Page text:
PROJECT ECONOMICS. Our goal for the Ikehu Molokai project has been to reduce the cost of power on Molokai by at least 5 cents per KWh. With our current costs, it appears that we will meet this goal. We project that Phase 1 of Ikehu Molokai will save Molokai $786,000 per year in electricity costs, or an average about $300 per year per meter. Later phases of Ikehu Molokai are expected to bring the island to 100 percent renewable electricity and achieve additional savings. The capital cost of Phase 1 of the Ikehu Molokai project is currently projected to be $36 million. The project is not projected to return the investor’s money and start to show a return on investment for at least 15 years. However, the project is eligible for tax credits from both the state and federal governments, which makes the investment viable for investors.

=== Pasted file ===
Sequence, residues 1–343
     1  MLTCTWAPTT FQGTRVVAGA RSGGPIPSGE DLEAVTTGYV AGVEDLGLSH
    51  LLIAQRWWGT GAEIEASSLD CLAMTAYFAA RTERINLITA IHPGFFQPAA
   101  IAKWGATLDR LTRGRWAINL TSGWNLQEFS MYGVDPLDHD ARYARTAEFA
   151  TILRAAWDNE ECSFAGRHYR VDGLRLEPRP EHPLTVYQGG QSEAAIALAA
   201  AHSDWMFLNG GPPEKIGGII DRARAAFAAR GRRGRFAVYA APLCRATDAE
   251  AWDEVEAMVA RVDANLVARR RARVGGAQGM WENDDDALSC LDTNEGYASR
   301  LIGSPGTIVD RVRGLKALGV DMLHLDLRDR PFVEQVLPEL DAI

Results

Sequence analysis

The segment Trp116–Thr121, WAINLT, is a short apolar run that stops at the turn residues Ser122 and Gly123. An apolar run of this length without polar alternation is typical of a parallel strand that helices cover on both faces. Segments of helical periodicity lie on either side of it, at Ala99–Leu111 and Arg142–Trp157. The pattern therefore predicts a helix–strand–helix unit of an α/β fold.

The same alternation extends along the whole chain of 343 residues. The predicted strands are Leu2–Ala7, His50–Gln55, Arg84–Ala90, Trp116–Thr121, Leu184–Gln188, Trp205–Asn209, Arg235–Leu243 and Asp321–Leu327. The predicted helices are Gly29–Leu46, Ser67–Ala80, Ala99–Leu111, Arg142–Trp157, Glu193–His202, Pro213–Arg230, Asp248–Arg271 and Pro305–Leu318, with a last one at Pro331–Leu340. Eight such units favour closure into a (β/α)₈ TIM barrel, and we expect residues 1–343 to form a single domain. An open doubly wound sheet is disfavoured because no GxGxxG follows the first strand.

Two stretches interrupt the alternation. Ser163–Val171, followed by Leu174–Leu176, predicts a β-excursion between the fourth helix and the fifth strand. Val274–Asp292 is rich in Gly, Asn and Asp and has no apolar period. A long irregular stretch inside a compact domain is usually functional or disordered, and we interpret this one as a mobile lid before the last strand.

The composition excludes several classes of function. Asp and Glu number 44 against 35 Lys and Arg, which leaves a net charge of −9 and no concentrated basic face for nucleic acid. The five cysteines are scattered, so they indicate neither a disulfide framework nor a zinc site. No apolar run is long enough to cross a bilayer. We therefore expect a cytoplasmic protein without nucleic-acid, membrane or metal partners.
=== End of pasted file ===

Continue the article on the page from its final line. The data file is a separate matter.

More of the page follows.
We will continue to work with MECo and the Molokai community to finalize the design, engineering, and economics of the project. We understand that this will be an ongoing process and that broad level community support and understanding of the project is critical to its success.

We will be holding additional meetings on Molokai in the near future to discuss progress on the project and to continue the process of utilizing community feedback to guide the design of the project. Notice of these meetings will be in the media and on our website.

In the meantime, we invite comments from the Molokai community. Please use the comment link on the Ikehu Molokai website

Mahalo. The Ikehu Molokai team

Category: Business, News, Sustainability

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  1. Marty says:

    There’s more at stake than keeping the lights on, the monitors glowing, our cell phones charged. The biggest class of power consumer on Molokai involves pumping water. No power means most of us have no water.
    I applaud the PV solution.